Located on the west coast of the Black Sea, Bulgaria occupies a portion of the eastern Balkans, with Romania to the north (the boundary being, in the most part, Danube River), Greece and Turkey to the south, and Serbia and Macedonia to the west. Its most notable topographical features are the Danubian Plain, the Balkan Mountains, the Thracian Plain, and the Rhodope Mountains. This territory was inhabited in antiquity by Thracian tribes, subjugated by Alexander the Great and later by the Roman Empire. From the 6th century, the Slavs gradually settled in the region, assimilating the Hellenised or Romanised Thracians. In the 7th century, Bulgar tribes (of central Asian Turkic origin) moved into the Balkans, and in the following centuries founded two empires (681-1018, 1185-1396), permanently squaring off the region with the Byzantine Empire. In the late 14th century, the Ottoman Turks conquered Bulgaria, possessing it until 1908.
In nowadays, the main ethnic group In Bulgaria are the Bulgarians (84.8 %), considered the descendants of three main tribal groups, which mixed themselves and formed a Slavic-speaking ethnicity: the Thraco-Romans, the Early Slavs, and the Bulgars. Of course that also the traditional Bulgarian culture contains mainly the heritage of these three branches, along with Greek, Roman, Ottoman, Persian and Celtic influences, and this is observed best in folk music (which contains Far Eastern, Oriental, medieval Eastern Orthodox and standard Western European tonalities and modes), but also in traditional costumes.
Each region of Bulgaria had its own costume with typical motifs, which transmitted a message about the families of those who wore them and the areas of the country where they lived. The costumes can be classified into several categories, although there were not strict boundaries to the occurrence of each costume type, and the styles of costume worn in each region changed over time due to fashion influences and population movements. They began to change during the national revival period in the 19th century, after this remaining relatively unchanged until rural depopulation in the mid 20th century.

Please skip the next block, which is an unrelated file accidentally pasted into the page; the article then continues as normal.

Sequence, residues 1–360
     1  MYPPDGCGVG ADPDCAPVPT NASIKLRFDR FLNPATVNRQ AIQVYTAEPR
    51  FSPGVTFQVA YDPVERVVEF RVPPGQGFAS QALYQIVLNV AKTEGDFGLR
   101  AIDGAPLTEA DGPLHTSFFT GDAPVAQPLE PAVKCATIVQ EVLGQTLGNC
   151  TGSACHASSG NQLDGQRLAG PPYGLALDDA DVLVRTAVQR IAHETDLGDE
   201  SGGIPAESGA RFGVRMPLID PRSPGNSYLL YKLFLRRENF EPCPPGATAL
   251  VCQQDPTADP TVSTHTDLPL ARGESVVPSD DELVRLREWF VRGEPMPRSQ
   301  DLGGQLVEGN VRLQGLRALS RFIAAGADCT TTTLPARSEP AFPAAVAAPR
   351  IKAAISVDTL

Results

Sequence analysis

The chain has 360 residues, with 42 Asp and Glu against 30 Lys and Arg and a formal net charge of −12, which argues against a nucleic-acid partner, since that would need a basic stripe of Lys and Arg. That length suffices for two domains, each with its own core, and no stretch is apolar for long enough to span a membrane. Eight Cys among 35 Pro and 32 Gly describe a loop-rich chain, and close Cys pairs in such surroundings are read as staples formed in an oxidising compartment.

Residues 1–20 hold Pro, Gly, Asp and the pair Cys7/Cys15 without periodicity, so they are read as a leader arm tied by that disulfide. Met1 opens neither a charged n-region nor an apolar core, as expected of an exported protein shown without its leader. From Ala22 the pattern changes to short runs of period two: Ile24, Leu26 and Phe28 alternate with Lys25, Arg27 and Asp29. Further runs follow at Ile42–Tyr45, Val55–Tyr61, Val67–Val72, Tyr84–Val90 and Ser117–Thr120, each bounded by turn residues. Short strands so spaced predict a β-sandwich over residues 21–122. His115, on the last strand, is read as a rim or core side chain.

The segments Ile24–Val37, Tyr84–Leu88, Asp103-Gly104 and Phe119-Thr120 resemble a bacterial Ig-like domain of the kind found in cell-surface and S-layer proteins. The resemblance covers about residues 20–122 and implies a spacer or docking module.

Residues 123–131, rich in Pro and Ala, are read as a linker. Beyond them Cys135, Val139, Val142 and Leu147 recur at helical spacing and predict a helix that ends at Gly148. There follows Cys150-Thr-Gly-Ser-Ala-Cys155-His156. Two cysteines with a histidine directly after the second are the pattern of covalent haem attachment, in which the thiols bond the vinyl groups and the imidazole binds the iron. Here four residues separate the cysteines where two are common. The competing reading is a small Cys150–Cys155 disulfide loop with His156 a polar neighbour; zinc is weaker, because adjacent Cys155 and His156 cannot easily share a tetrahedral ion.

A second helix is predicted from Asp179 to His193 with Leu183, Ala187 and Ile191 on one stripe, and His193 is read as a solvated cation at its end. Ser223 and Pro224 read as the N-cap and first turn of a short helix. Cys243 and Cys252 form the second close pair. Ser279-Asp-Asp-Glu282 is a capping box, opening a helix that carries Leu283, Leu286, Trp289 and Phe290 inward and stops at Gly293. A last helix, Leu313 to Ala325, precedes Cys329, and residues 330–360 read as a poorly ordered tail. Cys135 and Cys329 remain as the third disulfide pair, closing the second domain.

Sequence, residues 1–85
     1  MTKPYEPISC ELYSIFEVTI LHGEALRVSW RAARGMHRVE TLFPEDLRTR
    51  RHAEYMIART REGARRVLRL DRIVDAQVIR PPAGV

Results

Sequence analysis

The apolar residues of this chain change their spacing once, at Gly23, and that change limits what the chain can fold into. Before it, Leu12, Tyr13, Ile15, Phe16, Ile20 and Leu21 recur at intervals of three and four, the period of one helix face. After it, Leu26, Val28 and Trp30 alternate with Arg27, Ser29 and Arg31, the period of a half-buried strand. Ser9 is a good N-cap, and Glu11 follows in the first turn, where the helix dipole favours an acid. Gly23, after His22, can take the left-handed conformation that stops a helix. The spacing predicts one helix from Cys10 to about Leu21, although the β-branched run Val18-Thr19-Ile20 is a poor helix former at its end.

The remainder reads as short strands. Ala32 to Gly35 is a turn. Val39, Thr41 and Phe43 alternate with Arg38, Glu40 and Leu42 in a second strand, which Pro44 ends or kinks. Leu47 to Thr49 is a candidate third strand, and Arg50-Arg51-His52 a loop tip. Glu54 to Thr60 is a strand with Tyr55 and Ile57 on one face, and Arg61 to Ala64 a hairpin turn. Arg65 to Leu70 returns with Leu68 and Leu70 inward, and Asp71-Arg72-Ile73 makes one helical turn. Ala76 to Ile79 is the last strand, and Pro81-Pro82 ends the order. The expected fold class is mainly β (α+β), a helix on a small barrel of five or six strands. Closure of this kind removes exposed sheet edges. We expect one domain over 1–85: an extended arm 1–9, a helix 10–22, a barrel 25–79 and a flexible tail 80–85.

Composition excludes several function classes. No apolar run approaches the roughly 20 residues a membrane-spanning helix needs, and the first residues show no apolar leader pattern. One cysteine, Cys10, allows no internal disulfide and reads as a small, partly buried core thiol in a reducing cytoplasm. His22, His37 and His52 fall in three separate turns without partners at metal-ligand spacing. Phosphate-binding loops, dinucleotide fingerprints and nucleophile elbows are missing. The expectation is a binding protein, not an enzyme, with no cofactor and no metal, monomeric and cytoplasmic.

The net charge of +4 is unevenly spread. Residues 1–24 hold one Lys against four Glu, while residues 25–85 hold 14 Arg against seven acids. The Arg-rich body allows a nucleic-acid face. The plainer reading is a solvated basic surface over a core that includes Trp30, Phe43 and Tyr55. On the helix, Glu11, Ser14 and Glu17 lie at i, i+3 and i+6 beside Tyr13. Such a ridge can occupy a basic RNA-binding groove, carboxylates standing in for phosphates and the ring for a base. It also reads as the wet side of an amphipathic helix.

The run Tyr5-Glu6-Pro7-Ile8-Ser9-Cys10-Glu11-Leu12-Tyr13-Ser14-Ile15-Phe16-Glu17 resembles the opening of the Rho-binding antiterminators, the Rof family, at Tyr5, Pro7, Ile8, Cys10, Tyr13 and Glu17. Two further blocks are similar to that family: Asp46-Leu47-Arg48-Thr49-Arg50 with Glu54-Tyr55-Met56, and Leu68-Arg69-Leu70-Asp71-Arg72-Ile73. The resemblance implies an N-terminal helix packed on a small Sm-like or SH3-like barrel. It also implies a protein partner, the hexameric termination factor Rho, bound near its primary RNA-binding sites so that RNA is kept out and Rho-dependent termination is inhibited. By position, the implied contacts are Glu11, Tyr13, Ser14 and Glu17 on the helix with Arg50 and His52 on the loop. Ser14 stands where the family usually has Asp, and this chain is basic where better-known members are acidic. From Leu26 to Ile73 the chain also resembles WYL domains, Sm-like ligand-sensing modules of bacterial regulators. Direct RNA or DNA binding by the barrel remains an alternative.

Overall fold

The main categories of woman's dress are the single or double apron (bruchnik) costume, the closed tunic (soukman) costume and the open tunic (saya). All three types of costumes comprise a chemise (riza), apron(s) or a tunic and apron, a headdress, a belt, knitted socks and often a waistcoat or overcoat. Men's costume can be divided into two main types: belodreshnik (white dress - the older form of dress, considered to have Slavic origins), and chernodreshnik (black dress). Both types were worn with a white shirt (riza), a wide, brightly coloured sash (pojas), a hat made of black lambskin (kalpak), legwraps (navoi) or knitted socks, and leather peasant sandals (tsârvuli).
The costumes contain many elements from the pagan beliefs, and no one wore clothes with fully symmetrical decorations, because the Bulgarians believed that full symmetry was a diabolical creation. Therefore, elements were often added and removed, intentional mistakes in order to prevent the evil eye. Also they believed that cutting a part of the embroidery of one's garment would blaze a trail for the evil spirits and make the person vulnerable. Moreover, bulgarian women could embroider only until their wedding day - after that they were having the right to do it again only when their own daughter become 12 years and they need to learn how to do it.
In the postcard are nine costumes from the main Bulgarian Regions:
1. Sofia Region
2. North-western Region
3. The Middle Danube Plain
4. North-eastern Region
5. Thracian Lowland
6. South-eastern Region
7. Eastern Region
8. South-western Region
9. Rodopi Disctrict
About the stamp:
This is a post for Sunday Stamps #109, run by Viridian from Viridian’s Postcard Blog. The theme of this week is Love, hearts, and flowers, in anticipation of Valentine's Day. Click on the button to visit Viridian’s blog and all the other participants.
Bulgaria - Wikipedia
Bulgarian costume - Eliznik web pages
sender: Desislava Eneva (direct swap)
sent from Sofia (Bulgaria), on 29.06.2012